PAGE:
parties in McCain-Feingold, raising or repealing contribution limits, protecting the political speech of advocacy groups, corporations, and labor unions, and protecting political speech on the internet. We likewise call for an end to the so-called Fairness Doctrine, and support free-market approaches to free speech unregulated by government. We believe the forced funding of political candidates through union dues and other mandatory contributions violates the First Amendment. Just as Americans have a First Amendment right to devote resources to favored candidates or views, they have a First Amendment right not to be forced to individually support individuals or ideologies that they oppose. We agree with Thomas Jefferson that “To compel a man to furnish contributions of money for the propagation of opinions which he disbelieves and abhors is sinful and tyrannical.”
The next unique mention of unions is found, a bit buried, on page 29 in the section, Honoring Our Relationship with American Indians. This is not an area with which I am well-informed, so I’m not even really sure what they’re talking about:
Republicans believe that economic self-sufficiency is the ultimate answer to the challenges confronting Indian country. We believe that tribal governments and their communities, not Washington bureaucracies, are best situated to craft solutions that will end systemic problems that create poverty and disenfranchisement. Just as the federal government should not burden states with regulations, it should not stifle the development of resources within the reservations, which need federal assistance to advance their commerce nationally through roads and technology. Federal and state regulations that thwart job creation must be withdrawn or redrawn so that tribal governments acting on behalf of American Indians are not disadvantaged. It is especially egregious that the Democratic Party has persistently undermined tribal sovereignty in order to provide advantage to union bosses in the tribal workplace. Native communities should have the same authority as state governments in labor matters, so that union bosses and the National Labor Relations Board (NLRB) cannot undermine the authority of tribal governments.
Last, but not least, on page 34 in the Choice in Education section:
Their D.C. Opportunity Scholarship Program should be expanded as a model for the rest of the country. We deplore the efforts of Congressional Democrats and the current President to eliminate this successful program for disadvantaged students in order to placate the leaders of the teachers’ unions.
Having had to jump all over the Republican platform to find their policies on unions, it seemed a good time to go back to the Democratic platform to see if they addressed some of the specific points raised by Republicans about the NLRB and “Right-to-Work” laws. As it happens, I just had to look down one paragraph from where I started.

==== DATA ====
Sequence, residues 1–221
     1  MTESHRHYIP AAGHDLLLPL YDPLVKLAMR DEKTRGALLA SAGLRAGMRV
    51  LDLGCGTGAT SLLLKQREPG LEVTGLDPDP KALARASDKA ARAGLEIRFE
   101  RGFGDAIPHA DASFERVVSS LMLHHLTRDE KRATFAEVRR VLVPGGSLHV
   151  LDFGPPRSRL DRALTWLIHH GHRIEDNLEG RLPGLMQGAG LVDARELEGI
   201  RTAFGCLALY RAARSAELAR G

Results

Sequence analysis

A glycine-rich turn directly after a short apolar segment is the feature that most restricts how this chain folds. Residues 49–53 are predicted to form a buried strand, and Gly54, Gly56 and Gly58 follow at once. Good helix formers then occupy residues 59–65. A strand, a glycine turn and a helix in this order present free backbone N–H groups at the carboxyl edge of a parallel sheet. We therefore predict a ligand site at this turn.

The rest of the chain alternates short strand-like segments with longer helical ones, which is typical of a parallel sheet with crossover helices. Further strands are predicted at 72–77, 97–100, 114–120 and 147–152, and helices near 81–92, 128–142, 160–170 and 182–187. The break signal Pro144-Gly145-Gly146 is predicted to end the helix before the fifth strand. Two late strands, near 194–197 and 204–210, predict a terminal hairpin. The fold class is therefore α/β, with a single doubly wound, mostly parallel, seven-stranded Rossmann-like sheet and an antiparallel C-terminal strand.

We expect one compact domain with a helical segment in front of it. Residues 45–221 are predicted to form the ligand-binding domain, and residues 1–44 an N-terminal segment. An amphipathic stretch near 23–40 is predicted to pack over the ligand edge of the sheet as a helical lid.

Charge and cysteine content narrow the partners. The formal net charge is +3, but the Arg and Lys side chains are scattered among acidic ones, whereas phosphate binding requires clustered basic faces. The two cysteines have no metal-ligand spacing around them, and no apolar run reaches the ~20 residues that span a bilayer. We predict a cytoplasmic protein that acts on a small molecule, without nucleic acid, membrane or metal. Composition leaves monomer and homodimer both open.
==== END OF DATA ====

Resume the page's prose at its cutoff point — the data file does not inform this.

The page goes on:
Protecting Workers’ Fundamental Rights The Democratic Party believes that when workers are strong, America is strong. Democrats will make it easier for workers, public and private, to exercise their right to organize and join unions. We will fight to pass laws that direct the National Labor Relations Board to certify a union if a simple majority of eligible workers sign valid authorization cards, as well as laws that bring companies to the negotiating table. We support binding arbitration to help workers who have voted to join a union reach a first contract…
…Democrats believe so-called “right to work” laws are wrong for workers—such as teachers and other public employees who serve our communities every day—and wrong for America. We will continue to vigorously oppose those laws and other efforts that would eliminate dues check-off procedures, roll-back prevailing wage standards, abolish fair share requirements, restrict the use of voluntary membership payments for political purposes, attack seniority, restrict due process protections, and require annual recertification efforts. We oppose legislation and lawsuits that would strike down laws protecting the rights of teachers and other public employees. We will defend President Obama’s overtime rule, which protects of millions of workers by paying them fairly for their hard work.
I’m going to end this post for the day, even though I didn’t even complete the first section of the Democratic platform. Until I started writing, I didn’t realize how much of a stumbling block the different styles of writing and organization would create. (I have a better handle on it now, so next week will be easier.) However, I’m beginning to conclude that the different approaches to the platform are very much in keeping with the differences in the parties. The Democratic platform is, by and large, an affirmative statement of legislative goals. The underlying principles are explained in an opening paragraph, which is followed by multiple examples of policy and legislative actions which would support the principle. The Republican platform tends to be a statement of which policies they will undo (as is to be expected since they were not holding the Executive), but throughout, the language and organization of the platform overall is less about specific laws to be enacted and more about grand principles like “freedom,” “family,” and “free markets.” This epitomizes the different approach to messaging used by our parties; is there something in this observation that can strengthen Dem messaging? Should we talk more about our underlying principles and be less wonky? Or should be hammering out unified messages about our policy/legislative goals and let that be the expression of our principles? Or is our messaging sufficient as it is?
And now for today’s lighter moment…
I know it’s a political post, but not all running is running…
— Thomas Morgan (@superbugtom) June 11, 2017
I have two now…
— BostonTennisFan (@BostonTennisFan) June 6, 2017
I’ve had days like this…
This is Duddles. He did an attempt. 13/10 someone help him (vid by Georgia Felici) pic.twitter.com/UDT7ZkcTgY
— WeRateDogs™ 🏳️🌈 (@dog_rates) June 26, 2017